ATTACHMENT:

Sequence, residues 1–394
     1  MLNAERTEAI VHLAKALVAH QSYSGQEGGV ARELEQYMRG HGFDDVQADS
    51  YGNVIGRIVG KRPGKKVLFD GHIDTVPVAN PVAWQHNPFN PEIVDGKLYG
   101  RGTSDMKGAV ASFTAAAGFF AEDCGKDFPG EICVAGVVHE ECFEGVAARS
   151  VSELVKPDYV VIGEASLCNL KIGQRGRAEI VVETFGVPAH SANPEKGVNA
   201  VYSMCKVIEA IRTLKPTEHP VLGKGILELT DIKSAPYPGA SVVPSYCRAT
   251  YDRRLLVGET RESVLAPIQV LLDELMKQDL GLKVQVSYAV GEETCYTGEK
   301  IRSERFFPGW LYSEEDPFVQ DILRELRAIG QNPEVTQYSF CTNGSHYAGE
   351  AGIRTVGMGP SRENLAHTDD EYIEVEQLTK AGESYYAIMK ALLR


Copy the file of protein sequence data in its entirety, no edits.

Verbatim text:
Sequence, residues 1–394
     1  MLNAERTEAI VHLAKALVAH QSYSGQEGGV ARELEQYMRG HGFDDVQADS
    51  YGNVIGRIVG KRPGKKVLFD GHIDTVPVAN PVAWQHNPFN PEIVDGKLYG
   101  RGTSDMKGAV ASFTAAAGFF AEDCGKDFPG EICVAGVVHE ECFEGVAARS
   151  VSELVKPDYV VIGEASLCNL KIGQRGRAEI VVETFGVPAH SANPEKGVNA
   201  VYSMCKVIEA IRTLKPTEHP VLGKGILELT DIKSAPYPGA SVVPSYCRAT
   251  YDRRLLVGET RESVLAPIQV LLDELMKQDL GLKVQVSYAV GEETCYTGEK
   301  IRSERFFPGW LYSEEDPFVQ DILRELRAIG QNPEVTQYSF CTNGSHYAGE
   351  AGIRTVGMGP SRENLAHTDD EYIEVEQLTK AGESYYAIMK ALLR